This week, on UnixReview.com: the book reviews of “Extrusion Detection: Security Monitoring for Internal Intrusions” and “Linux Patch Management“, and more on security certification.
If you’re concerned about (or involved in) device documentation, there’s a new wiki site called Vendor Watch, which lists the state of efforts to get different hardware vendors to document their hardware in a way that makes it usable for open source efforts.
wiki.dragonflybsd.org is down, along with gobsd.com.Â The wiki was on a separate server from the rest of dragonflybsd.org, so the rest of the domain is fine, but there’s currently no details on when the wiki will be running again, as the hosting company has apparently taken the server offline.
Because of recent changes to the Java licensing scheme, it’s now possible to include Java as part of a packaging system.Â It’s available now for pkgsrc, for some versions of NetBSD.Â Other pkgsrc platforms (like DragonFly) will probably follow suit.
Matthew Dillon’s starting/continuing work on that aforementioned clustering by breaking out the journaling protocols into a module he’s calling “SYSLINK“.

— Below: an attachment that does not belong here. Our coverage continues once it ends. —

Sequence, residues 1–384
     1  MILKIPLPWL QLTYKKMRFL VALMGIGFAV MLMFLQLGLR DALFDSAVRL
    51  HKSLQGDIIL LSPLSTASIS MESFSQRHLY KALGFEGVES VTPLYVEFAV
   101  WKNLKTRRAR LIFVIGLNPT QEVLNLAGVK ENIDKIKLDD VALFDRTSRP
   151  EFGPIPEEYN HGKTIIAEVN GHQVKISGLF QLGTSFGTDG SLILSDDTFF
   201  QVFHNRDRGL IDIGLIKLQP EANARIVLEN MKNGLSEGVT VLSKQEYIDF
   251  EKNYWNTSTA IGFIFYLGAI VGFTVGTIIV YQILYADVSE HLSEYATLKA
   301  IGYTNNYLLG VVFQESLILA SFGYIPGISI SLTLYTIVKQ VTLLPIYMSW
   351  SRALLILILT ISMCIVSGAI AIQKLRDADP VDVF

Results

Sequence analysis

Matthew Dillon’s decided to use the journaling work that was done previously on DragonFly to handle communication between the kernel and a VFS, and also between machines in a cluster. He typed up a very detailed explanation that shows where a lot of the groundwork has been done.Â (Plus, a followup.)
Marcin Jessa pointed out that since it’s possible to compile the DesktopBSD tools on FreeBSD, it may also be possible on DragonFly.
One of the proposed projects for Google’s Summer of Code 2006 is a rewrite of pkg_install, which encompasses the various utility programs used for pkgsrc. The proposal is by Joerg Sonnenberger, who has commit access to both DragonFly and pkgsrc, and has made an astounding quantity of packages work on DragonFly.
Sascha Wildner’s removing a whole lot of kernel options.Â Speak up if you are using them…Â though if you are, they probably don’t work.
Anyone want to write a new devfs? (That’s device file system, if you haven’t seen the term before.) A discussion about tracking disks and their appropriate mount points ended with Matthew Dillon noting that at this point, the DragonFly system is cleaned up enough that this would be an approachable task for someone with experience.